Currency Watch: a calm week for world markets

We are still waiting on the level of participation in the Greek debt swap to be made public. However, aside from some wobbles at the beginning of the week, no real fears have been evident that suggest it will not go to plan.

Data from the Eurozone has been poor of late, however, with PMI surveys from the continent adding weight to our belief that the recession in the Eurozone will not be merely technical, but that it could be more protracted.

Wednesday’s German factory orders were horrific, and they point to a real slow down in the factories of the Rhine – this correlates attractively with a falling euro, so further gains for the pound against the single currency could well be around the corner.

In the UK, the Bank of England decided to stick and not twist on either interest rates or QE. The Bank has decided to sit on its hands, for now. No change was expected this week, but the uncertainty surrounding what the MPC will do next is very real. The market is still not expecting any rate movement until at least next year, but committee debate on whether to add further asset purchases will increase through Q1.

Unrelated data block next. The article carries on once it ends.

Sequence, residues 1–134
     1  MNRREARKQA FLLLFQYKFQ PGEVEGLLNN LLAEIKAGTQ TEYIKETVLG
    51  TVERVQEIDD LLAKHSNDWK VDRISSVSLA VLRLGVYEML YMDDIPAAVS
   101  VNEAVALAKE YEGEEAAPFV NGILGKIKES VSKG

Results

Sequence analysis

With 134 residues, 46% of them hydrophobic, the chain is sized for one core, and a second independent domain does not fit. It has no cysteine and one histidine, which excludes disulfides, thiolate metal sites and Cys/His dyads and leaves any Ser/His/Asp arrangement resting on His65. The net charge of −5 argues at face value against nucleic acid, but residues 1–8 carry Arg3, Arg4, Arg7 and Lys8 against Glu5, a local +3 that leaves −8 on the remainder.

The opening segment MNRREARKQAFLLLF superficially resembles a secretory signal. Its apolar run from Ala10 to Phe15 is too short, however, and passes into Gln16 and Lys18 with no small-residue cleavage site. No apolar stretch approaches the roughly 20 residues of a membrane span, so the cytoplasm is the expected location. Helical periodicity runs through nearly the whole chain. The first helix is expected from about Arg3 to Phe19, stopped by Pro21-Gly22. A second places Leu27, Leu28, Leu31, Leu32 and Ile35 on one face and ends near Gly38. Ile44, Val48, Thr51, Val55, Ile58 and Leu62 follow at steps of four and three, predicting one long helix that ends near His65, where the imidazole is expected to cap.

Inflation remains above target levels in both the UK and Europe and expectations of price rises as a result of oil price increases are also moving higher. Interest rate cuts or further monetary policy loosening may need to wait as a result, although I believe we have seen a peak level in oil markets barring any actual conflict with Iran.

The end of the week also means a new publication of releases that have helped risky assets onward; US jobs numbers. The latest ADP employment report for February showed an expansion of 216,000 jobs and a similar increase is expected to show in this afternoon’s government jobs report. The saying always used to be that “if America sneezed then the world would catch cold”; the hopes are that the improvement in the US jobs market provides the opposite impact and warms the world economy instead.

Jeremy Cook is chief economist at World First foreign exchange

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